‘Free Education for All Children’ Initiative Steadily Gains Pace Globally

The UN Human Rights Council Puts Legal Guarantee for Free Education on Its Agenda

This year, the UN’s foremost human rights body in Geneva is poised for a potential breakthrough, with increasing optimism for the formal acknowledgment of every child’s entitlement to free education from pre-primary through secondary levels.

On March 20, the Dominican Republic, alongside several other nations including Luxembourg, Sierra Leone, Colombia, Panama, Nauru, Bulgaria, and Romania, together with advocacy groups such as Human Rights Watch, Plan International, and Girls Not Brides, will lead discussions at the Human Rights Council. Their focus will be on the urgent necessity for a new legal framework emphasizing the crucial link between free pre-primary and secondary education and human rights, with a special emphasis on empowering girls and women.

Globally, nearly half of all children remain un-enrolled in pre-primary education, with only 2 in 5 children in low- and lower-middle-income countries participating in such programs. Moreover, only 45 percent of children completed secondary school in 2021. For many children, the financial burden of pre-primary and secondary education acts as a significant impediment to attendance. The continued lack of universal access to education perpetuates poverty and inequality on a global scale, hindering societal advancement and development.

Nevertheless, numerous low- and middle-income countries are making substantial progress towards providing more widespread free education. Nations like Kyrgyzstan, Madagascar, Nepal, and Sierra Leone, among at least 110 countries worldwide, have enacted legislation guaranteeing at least one year of free pre-primary education and free secondary education.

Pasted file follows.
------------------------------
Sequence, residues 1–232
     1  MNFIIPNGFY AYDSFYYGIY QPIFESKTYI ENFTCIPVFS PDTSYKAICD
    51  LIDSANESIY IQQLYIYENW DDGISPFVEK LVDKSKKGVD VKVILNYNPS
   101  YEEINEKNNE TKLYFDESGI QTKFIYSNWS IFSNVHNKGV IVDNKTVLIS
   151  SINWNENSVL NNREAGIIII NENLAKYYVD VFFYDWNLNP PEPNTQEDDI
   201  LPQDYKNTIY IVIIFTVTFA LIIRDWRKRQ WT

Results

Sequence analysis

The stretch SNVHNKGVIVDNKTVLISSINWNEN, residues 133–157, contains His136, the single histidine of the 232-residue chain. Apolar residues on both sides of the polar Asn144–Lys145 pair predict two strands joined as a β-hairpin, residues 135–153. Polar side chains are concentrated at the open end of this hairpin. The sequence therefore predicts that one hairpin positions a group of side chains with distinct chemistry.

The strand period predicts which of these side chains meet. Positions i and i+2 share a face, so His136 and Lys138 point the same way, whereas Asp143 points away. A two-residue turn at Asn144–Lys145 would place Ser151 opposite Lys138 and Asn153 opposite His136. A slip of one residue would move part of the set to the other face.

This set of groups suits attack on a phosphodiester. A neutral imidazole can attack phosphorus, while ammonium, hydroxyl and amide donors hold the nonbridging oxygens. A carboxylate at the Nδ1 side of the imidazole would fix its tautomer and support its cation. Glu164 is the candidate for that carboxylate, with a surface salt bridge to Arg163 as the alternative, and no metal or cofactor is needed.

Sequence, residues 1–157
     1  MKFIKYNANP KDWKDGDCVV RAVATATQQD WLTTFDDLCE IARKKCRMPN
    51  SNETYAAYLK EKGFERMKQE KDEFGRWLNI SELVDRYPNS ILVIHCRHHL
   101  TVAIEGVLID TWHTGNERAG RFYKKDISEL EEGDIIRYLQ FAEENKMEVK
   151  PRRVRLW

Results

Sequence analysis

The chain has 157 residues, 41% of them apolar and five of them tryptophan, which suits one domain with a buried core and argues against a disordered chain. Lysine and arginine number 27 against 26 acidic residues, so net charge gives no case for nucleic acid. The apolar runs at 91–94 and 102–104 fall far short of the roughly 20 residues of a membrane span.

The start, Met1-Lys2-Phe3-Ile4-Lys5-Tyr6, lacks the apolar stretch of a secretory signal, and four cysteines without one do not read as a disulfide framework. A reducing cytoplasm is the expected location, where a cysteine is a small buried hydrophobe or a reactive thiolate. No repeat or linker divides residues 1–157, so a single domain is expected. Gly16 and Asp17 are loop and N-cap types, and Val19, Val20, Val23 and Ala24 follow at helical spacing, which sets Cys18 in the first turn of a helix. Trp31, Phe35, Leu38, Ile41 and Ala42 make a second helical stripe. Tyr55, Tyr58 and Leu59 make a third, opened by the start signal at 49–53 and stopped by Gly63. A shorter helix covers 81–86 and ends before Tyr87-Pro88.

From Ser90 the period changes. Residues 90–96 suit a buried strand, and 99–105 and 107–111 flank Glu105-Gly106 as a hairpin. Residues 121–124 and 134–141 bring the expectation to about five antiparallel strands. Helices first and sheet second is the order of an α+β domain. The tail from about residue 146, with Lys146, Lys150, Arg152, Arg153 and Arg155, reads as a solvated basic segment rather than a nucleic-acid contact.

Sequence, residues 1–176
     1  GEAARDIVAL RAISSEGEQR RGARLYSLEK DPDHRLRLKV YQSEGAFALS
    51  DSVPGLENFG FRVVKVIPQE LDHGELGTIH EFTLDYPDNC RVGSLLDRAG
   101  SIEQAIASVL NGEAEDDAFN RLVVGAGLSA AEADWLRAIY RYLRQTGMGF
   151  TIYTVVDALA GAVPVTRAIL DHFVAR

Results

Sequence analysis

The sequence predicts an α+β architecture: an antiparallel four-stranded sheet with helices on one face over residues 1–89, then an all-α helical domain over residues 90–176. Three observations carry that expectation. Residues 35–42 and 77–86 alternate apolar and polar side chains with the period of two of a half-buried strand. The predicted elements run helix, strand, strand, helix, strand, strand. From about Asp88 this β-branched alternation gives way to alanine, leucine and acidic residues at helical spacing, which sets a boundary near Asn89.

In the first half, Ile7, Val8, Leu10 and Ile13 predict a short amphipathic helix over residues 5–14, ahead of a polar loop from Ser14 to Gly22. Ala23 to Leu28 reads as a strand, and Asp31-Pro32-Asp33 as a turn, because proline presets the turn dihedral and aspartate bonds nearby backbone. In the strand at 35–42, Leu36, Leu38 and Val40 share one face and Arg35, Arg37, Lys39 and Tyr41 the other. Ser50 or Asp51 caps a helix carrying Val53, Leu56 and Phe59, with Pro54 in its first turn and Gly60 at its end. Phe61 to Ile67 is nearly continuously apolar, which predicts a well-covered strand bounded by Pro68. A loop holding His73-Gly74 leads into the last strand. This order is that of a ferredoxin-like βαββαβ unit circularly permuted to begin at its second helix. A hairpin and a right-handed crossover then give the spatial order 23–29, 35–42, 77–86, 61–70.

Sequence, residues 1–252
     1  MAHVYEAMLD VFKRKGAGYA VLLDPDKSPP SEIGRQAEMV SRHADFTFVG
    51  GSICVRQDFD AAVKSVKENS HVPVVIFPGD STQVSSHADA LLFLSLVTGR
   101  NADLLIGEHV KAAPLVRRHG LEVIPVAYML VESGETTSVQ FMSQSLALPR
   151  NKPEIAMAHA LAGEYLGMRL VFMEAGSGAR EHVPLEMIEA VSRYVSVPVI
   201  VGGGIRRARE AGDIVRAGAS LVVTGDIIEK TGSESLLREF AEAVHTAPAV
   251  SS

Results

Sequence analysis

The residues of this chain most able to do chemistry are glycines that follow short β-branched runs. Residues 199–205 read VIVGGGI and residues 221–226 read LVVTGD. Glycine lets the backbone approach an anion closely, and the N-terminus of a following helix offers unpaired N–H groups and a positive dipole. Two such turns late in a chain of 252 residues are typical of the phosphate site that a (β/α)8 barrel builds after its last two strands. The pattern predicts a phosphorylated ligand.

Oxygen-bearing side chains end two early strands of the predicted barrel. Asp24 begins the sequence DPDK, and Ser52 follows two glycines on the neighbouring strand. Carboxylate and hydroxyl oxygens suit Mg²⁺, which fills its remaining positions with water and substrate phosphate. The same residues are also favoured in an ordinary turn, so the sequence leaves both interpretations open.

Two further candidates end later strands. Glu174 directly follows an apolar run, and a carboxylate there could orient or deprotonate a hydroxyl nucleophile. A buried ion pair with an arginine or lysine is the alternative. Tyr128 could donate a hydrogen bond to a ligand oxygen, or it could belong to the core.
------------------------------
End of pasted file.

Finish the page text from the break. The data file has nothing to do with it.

However, international human rights law has not kept abreast of this advancement. For instance, the UN’s children’s rights treaty, the Convention on the Rights of the Child, does not mandate states to provide free secondary education with the same immediacy as primary education, nor does it explicitly address early childhood education. This inconsistency is fostering increasing global support for embedding these rights within a new legal framework, namely, a fourth optional protocol to the convention. Consequently, new international legislation could drive further adoption of free education in nations where fees are still imposed.

It is crucial that other states unite behind this endeavour. Together, they can ensure that every child has access to learning and can realize their potential, establishing the foundation for a fairer and more equitable future.

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